Law No. 13.105, of March 16, 2015, the new Brazilian Civil Procedure Code (Código de Processo Civil – CPC), which comes into full force and effect next year, on March 17, 2016, with immediate implementation to all cases (including outstanding processes), establishes the limits of Brazilian jurisdiction. The applicable provisions are outlined below.
As a general rule, the Brazilian judicial authority has jurisdiction to prosecute and judge lawsuits in which: (i) the defendant, regardless of his/her/its nationality, is domiciled in Brazil; (ii) the obligation must be fulfilled in Brazil; or (iii) the lawsuit is based on a fact occurred or an act performed in Brazil. Any legal entity that has a local agency, branch or subsidiary is deemed to be domiciled in Brazil (article 21 and sole paragraph of the CPC).
The Brazilian judicial authority has also jurisdiction to prosecute and judge lawsuits: (i) of alimony, when the creditor is domiciled or resident in Brazil or the defendant keeps links in Brazil, such as possession or ownership of goods, receipt of income or obtaining economic benefit in the country; (ii) those arising from consumer relations, when the consumer is domiciled or resident in Brazil; or (iii) whenever the parties expressly or tacitly submit to the Brazilian jurisdiction (article 22 of the CPC).
Furthermore, the Brazilian judicial authority has exclusive jurisdiction in the following cases: (i) to know lawsuits concerning real estate properties located in Brazil; (ii) in matters of hereditary succession, to proceed to the confirmation of private will and the probation and to the apportionment of assets located in Brazil, even if the plaintiff of the legacy is of foreign nationality or domiciled outside the national territory; and (iii) in divorce, legal separation of spouses or dissolution of stable union, to proceed to the sharing of assets located in Brazil, even if the holder is of foreign nationality or domiciled outside the national territory (article 23 of the CPC).
The lawsuit brought before a foreign court does not induce lis pendens and does not prevent the Brazilian judicial authority to dispose of the same cause and those related to it, except where the context requires otherwise as a result of bilateral agreements and international treaties in force in Brazil. The question pending before the Brazilian jurisdiction does not prevent the ratification of the foreign judicial sentence whenever such ratification is required to produce legal effects in Brazil (article 24 and sole paragraph of the CPC).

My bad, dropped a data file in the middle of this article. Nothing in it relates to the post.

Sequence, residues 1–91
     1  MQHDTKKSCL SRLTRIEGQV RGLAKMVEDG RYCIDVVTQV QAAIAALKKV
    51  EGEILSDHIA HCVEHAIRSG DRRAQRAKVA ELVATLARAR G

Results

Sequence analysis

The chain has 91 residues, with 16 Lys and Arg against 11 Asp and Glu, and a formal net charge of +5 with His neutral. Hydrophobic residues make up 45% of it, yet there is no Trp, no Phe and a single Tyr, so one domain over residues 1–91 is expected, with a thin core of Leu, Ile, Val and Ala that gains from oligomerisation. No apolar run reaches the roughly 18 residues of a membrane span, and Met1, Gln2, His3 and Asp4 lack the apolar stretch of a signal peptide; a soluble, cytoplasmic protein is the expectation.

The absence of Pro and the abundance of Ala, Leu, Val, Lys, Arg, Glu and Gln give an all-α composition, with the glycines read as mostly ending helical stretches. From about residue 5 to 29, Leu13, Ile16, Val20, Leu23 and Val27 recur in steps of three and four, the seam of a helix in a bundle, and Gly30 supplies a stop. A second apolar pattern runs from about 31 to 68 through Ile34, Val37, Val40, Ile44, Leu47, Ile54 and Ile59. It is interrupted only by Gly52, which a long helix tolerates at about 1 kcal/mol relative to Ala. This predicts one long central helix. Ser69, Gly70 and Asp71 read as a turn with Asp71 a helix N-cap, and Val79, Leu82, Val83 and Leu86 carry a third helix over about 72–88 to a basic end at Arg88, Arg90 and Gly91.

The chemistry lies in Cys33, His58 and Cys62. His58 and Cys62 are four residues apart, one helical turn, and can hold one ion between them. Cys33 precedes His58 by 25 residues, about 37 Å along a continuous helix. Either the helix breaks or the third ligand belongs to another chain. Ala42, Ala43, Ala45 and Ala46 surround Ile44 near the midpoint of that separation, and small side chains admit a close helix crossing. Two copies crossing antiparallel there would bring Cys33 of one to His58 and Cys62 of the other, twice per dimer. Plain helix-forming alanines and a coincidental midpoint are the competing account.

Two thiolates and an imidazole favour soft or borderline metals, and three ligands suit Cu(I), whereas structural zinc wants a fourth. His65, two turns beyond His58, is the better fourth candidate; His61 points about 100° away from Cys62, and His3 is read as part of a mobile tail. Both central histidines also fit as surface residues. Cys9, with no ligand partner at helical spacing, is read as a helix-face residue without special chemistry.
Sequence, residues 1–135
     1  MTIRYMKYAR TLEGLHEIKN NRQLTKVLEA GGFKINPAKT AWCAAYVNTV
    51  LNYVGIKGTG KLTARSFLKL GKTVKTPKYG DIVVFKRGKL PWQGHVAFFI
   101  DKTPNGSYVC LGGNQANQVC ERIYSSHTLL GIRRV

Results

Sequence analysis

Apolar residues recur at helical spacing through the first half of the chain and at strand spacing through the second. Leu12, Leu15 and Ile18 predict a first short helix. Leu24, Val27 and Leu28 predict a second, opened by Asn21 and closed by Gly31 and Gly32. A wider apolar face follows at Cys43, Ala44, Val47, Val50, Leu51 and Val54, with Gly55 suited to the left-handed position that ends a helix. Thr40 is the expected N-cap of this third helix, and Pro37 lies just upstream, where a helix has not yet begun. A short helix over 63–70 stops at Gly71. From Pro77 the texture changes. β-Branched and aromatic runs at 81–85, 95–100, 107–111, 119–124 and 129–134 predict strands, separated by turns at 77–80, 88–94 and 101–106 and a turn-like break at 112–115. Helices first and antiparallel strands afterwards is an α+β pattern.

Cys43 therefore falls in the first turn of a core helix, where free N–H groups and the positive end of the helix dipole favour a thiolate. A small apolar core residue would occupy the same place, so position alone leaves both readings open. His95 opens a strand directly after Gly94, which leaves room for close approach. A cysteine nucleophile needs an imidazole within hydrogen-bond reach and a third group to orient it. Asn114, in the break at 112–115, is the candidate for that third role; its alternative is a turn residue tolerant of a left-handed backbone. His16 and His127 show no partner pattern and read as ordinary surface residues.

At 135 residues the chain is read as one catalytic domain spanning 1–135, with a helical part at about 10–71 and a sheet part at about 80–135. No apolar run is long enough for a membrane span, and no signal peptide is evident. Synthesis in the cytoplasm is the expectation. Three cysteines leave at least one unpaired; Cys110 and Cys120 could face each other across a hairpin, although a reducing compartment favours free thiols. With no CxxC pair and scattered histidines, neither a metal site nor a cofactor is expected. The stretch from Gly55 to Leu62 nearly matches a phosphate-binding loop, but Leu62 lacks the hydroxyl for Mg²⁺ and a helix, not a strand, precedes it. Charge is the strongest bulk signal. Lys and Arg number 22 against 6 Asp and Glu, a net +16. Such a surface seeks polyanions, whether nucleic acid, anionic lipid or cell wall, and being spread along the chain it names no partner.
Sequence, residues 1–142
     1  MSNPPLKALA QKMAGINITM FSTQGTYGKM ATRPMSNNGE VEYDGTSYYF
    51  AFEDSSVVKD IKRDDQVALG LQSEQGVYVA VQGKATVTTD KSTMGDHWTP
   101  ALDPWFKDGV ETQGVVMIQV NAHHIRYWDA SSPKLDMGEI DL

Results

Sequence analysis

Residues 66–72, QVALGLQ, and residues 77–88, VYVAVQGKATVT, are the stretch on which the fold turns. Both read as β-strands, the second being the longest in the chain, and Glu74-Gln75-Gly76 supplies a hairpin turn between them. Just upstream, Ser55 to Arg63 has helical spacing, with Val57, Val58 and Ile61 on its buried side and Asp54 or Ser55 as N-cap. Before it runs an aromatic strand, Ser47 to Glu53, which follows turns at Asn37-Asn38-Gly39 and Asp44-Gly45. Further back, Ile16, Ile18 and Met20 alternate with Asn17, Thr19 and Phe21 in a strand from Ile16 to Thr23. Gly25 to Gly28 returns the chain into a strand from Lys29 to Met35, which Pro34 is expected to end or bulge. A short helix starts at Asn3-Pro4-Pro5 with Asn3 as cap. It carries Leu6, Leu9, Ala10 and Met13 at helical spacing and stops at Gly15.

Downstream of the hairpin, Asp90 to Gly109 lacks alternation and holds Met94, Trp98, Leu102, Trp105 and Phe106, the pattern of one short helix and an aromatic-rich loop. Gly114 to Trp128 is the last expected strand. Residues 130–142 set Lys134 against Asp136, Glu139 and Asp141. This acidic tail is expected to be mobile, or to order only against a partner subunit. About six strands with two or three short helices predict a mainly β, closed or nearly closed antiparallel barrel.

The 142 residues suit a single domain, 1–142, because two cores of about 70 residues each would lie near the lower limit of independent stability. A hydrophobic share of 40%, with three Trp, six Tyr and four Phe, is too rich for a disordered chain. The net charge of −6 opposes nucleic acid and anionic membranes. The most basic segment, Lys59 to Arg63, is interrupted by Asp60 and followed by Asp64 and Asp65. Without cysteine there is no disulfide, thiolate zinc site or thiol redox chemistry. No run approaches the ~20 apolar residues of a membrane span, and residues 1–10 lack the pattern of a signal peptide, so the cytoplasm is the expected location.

No Brazilian judicial authority is responsible for the processing and trial of the lawsuit when there is a choice of exclusive foreign jurisdiction clause in the case of international contracts. If this happens, the foreign defendant must raise the existence of this clause in its defense (article 25 of the CPC).
The parties may modify the jurisdiction on grounds of value and territory, choosing the contractual forum where the lawsuit will be proposed. The contractual forum will only produce legal effects when it is contemplated in a written instrument and refers expressly to a certain legal transaction, and it binds the heirs and successors of the parties. Before the summons, if the contractual forum is deemed to be an abusive clause, it may be declared ineffective by the judge, who will send the court files to the court of domicile of the defendant. When summoned, the defendant will have to claim in the defense that the contractual forum is abusive, under penalty of preclusion (article 63 of the CPC).
Therefore, the Brazilian jurisdiction is not applicable in the case of international contracts, when there is a choice of exclusive foreign jurisdiction clause. The new CPC expressly accepts the parties´ free will to contract and the choice of court agreements will be observed. In summary, as of March 17, 2016 the choice of exclusive foreign jurisdiction clause will not be admitted only when the Brazilian jurisdiction is mandatory (articles 21, 22 and 23 of the CPC).
The content of this article is intended to provide a general guide to the subject matter. Specialist advice should be sought about your specific circumstances.